22 December 2002

Body bags action

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About 30 protesters in mock body bags lay outside the British Consulate in Melbourne today to draw attention to the deadly consequences of a war on Iraq. Protest organisers urged the Australian and British governments not to support a US-led attack on Iraq, warning hundreds and thousands of Iraqi civilians could be killed or injured.

It was organised by the Victorian peace network and Medical Association for the Prevention of War (MAPW), a 20-year-old organisation which represents concerned health professionals, said the protest aimed to show Australians the human consequences of military action.

"We are presenting this striking and abhorrent image at Christmas because this is the reality of war," MAPW spokeswoman Giji Gya (Giji Gya) said."Our governments will not show this side of war, so we will."

Ms Gya said a recent report issued by MAPW estimated up to 260,000 people could be killed on both sides during a conflict and the following three months. "Additional deaths from post-war adverse health effects could reach 200,000," she said.

Canberra action

Anti-war demonstrators demand we 'switch on'

By Emma MacDonald (Canberra Times, 16 December 2002)

A graphic demonstration outside Parliament House yesterday attempted to reach Australians who are "switched off" to the fact that war with Iraq may be only weeks away.

Seven hundred small body bags stuffed with newspaper were laid out, representing a portion of the 70,000 Iraqi children estimated to have died as a consequence of the 1991 United States strikes.

Public health academic and member of the ACT Network Opposing War Emeritus Professor Bob Douglas told demonstrators that while average Australian families were focused on relaxation and recreation over the Christmas period, the symbolic clock of world peace was ticking by.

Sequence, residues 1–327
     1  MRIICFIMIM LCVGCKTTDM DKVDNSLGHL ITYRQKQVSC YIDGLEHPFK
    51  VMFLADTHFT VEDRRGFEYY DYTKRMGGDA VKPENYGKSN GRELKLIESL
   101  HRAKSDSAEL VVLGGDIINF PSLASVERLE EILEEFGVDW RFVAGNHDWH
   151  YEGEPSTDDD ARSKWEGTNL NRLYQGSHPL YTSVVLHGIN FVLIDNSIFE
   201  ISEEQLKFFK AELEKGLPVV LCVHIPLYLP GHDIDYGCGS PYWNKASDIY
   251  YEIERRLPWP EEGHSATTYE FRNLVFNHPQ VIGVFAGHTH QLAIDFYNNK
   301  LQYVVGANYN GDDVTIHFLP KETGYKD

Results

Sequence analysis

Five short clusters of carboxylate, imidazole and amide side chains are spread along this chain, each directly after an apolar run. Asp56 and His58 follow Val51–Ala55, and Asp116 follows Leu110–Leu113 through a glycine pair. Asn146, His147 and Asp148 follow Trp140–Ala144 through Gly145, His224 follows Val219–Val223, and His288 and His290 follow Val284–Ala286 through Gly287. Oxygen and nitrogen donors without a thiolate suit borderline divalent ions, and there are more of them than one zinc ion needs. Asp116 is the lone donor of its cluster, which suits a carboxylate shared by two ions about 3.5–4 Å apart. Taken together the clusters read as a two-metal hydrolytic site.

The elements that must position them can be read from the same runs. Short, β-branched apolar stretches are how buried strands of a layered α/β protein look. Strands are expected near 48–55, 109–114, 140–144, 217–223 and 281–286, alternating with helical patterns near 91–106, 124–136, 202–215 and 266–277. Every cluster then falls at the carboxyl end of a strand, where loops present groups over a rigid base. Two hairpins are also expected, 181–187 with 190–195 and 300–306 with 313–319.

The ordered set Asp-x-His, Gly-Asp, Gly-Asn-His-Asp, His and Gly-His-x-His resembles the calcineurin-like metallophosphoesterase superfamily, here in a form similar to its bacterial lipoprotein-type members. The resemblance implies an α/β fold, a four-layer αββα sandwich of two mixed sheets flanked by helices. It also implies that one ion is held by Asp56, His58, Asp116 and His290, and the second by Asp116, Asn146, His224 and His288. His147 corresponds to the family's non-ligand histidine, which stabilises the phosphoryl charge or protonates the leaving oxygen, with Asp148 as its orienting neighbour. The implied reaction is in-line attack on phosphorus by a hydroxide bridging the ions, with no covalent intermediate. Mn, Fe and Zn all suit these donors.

"That is why we have broken into this peaceful scene with a confronting and ugly reminder of the cost of war."

Children's toys and clothes were scattered around the body bags and flowers were later dispersed as a tribute to the loss of life while Dr Sue Wareham, national president of the Medical Association for the Prevention of War, read a poem.

Professor Douglas said the estimated number of children under 15 who had died in Iraq was due not only to direct bomb blasts, but as a result of damage to water and electricity supplies, sewerage and health facilities.

Professor Douglas was involved in a demonstration in October in which 30 anti-war protesters lay outside Parliament House in body bags.

He said the latest demonstration aimed to make Australians think beyond their own shores and to the potential deaths of innocent children.

"We really hope the message gets out that we could be at war the week after next and we only have a few days to make it clear to both sides of politics that war is an abomination, that it is not in our interest."

Professor Douglas said Australia could be influential if it told the United States it would back the United Nations and wait until the results of weapons inspections in Iraq were known.

Both the Government and Opposition were currently saying "either directly or by their relative inaction, that our national interest is best served by joining the push with [US President] George Bush whichever way he elects to go".

Having spent his career advancing public health, Professor Douglas said he knew of no more important public health activity than preventing war.

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